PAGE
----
• Pick Songs NOT made famous by Divas and Icons. Contestants should never sing songs that have previously showcased a great, iconic, vocal performance. This is a consistent mistake and the judges always point it out. No Aretha, no Whitney, no Mariah, not even Celine. Men too should avoid great vocal performances of highly nuanced singers. Stay away from Sam Cooke, Michael Jackson, Stevie Wonder, Freddy Mercury, and Bono. The number simply won’t be improved upon and singing one of their songs will surely only draw unfavorable comparisons. The exception to the rule is if you can pull it off like Michael Johns did with “Bohemian Rhapsody” and this year’s Siobhan Magnus did with Aretha’s “Think” – by all means go for it – but only once a season.
  • Be careful with Rearrangements. This year, Andrew Garcia floored the judges with an acoustic take on Paula Abdul’s “Straight Up.” Since then, for Garcia and everyone else it’s been, “we need more arrangement like Straight Up!” Good luck with that. Rearrangements are a tricky business and viewers are fortunate if we get more that one memorable re-swizzle per season. Interestingly, many of the previous years’ buzz rearrangements, like Jason Castro’s “Hallelujah,” David Cook’s ‘Billie Jean,” and Adam Lambert’s “Mad Word” were re-arrangements that had been previously recorded by other artists. These contestants then made modest (if any) changes to the re-arrangements and when they presented them to a bigger audience they looked like geniuses. If not entirely original, using established re-arrangements is smart because re-arrangements can backfire if they don’t provide a novel alternative to the original. Kris Allen’s “She Works Hard for the Money” succeeded because it was an improvement on the original – a guy singing a Donna Summer classic? Strangely satisfying. In a way, re-arrangements are like the three-point line in basketball – hard to resist taking the shot – even though the odds are against scoring. But if you must, find an arrangement that’s been done before but hasn’t found a big audience.
  • Let the Song do the Heavy Lifting. There are hundreds of GREAT songs out there. A great song is one that has a memorable melody, familiar song structure, and a lyric that connects the audience to the singer. A smart contestant will only sing songs that meet those criteria and are undeniably great. A great song by definition will take the singer and listener places through the virtues of the song itself – that’s precisely what makes them great songs. Plus, if you sing a bad song poorly, you’re stuck singing a bad song poorly. On the other hand, if you sing a great song that hasn’t been heard for awhile, and do it poorly, people just might remember your song choice as being brilliant allowing you to stay another week. The movie “Young at Heart” features an octogenarian singing Coldplay’s “Fix You” to great emotional effect. The listener is taken on a journey that connects the singer to the audience in a novel and unforgettable way. The song itself made that possible.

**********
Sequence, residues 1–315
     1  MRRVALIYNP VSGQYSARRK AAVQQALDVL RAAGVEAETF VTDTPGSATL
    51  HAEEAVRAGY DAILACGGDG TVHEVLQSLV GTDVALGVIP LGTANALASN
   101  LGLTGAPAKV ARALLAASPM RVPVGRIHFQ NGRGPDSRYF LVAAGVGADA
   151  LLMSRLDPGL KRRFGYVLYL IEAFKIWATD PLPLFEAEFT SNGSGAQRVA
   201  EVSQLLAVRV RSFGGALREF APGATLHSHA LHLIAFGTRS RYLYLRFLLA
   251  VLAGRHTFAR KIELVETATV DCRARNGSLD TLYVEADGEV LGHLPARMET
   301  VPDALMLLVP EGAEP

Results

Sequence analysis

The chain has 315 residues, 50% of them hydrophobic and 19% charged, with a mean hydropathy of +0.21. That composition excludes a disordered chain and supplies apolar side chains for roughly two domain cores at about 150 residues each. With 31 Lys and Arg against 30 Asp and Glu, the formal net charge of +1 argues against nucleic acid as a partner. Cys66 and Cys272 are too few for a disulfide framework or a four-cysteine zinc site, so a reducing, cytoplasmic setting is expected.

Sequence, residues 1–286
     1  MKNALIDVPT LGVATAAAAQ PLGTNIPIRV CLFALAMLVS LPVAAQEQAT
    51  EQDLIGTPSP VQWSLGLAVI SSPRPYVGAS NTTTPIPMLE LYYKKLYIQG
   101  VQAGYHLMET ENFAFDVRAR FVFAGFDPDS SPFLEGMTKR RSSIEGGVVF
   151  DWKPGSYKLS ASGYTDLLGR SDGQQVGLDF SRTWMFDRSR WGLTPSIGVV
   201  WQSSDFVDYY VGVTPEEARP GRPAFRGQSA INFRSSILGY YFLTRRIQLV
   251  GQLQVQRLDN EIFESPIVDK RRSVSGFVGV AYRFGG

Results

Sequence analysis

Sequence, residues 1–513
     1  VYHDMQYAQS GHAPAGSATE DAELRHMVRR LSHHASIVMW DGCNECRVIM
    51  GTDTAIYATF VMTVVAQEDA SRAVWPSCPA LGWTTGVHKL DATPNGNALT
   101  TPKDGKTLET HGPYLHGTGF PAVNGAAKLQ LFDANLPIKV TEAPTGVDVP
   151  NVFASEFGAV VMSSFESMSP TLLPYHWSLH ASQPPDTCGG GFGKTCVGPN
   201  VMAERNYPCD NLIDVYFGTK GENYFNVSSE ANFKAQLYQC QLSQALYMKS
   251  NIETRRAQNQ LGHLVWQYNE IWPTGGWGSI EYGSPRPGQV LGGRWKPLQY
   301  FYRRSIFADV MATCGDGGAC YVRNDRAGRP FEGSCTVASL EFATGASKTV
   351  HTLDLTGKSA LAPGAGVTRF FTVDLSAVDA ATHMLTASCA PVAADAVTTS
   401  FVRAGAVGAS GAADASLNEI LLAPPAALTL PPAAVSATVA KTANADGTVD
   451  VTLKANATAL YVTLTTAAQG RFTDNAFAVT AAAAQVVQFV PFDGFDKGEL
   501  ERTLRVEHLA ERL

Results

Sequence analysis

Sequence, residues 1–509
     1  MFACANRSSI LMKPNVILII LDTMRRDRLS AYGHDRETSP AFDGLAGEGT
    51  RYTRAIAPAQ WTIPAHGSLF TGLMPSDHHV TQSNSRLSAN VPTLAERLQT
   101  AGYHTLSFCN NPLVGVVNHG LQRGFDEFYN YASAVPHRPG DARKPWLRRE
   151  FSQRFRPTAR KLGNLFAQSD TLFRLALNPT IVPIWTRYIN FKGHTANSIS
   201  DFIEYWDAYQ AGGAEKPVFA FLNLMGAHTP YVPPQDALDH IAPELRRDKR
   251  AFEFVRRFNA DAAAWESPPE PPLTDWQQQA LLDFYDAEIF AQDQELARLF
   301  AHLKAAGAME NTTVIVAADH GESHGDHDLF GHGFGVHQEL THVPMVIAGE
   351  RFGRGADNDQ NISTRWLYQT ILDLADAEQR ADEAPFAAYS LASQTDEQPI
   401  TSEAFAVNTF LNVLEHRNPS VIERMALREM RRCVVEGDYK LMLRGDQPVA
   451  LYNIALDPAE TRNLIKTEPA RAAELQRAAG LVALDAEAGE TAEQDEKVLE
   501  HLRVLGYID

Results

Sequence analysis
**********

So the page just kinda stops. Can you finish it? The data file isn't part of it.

So you’ve got to pick a song by tomorrow night or go home crying? The single best piece of advice I can give is this: find a familiar song with a great melody, make sure it has a strong structure and the memorable lyrics were originally sung by a not-so-great singer. Do this and the judges will fall over themselves about what a great song choice you made.

Sound tough? Not really. There are hundreds of songs that fit that bill, and the best place to look is from singer/songwriters who don’t have the greatest voices. It’s also not a bad idea to mine the one-hit wonders where it was the song, not the singer, that carried the day. There are literally scores upon scores of candidates.

In the end, what’s really required is a deep knowledge of the American Songbook, and I dare say, some artistry. Too much to ask from a 16 years old? Perhaps. It may also be too much to ask of the judges. Maybe that’s why they’re so slow to offer up winning songs to sing.


Steely Dan Play Universal Amphitheater with Larry Carlton


Originally published August 2009. 

Steely Dan is in the Rock and Roll Hall of Fame. They are a bit odd and people either love ‘em or hate ‘em.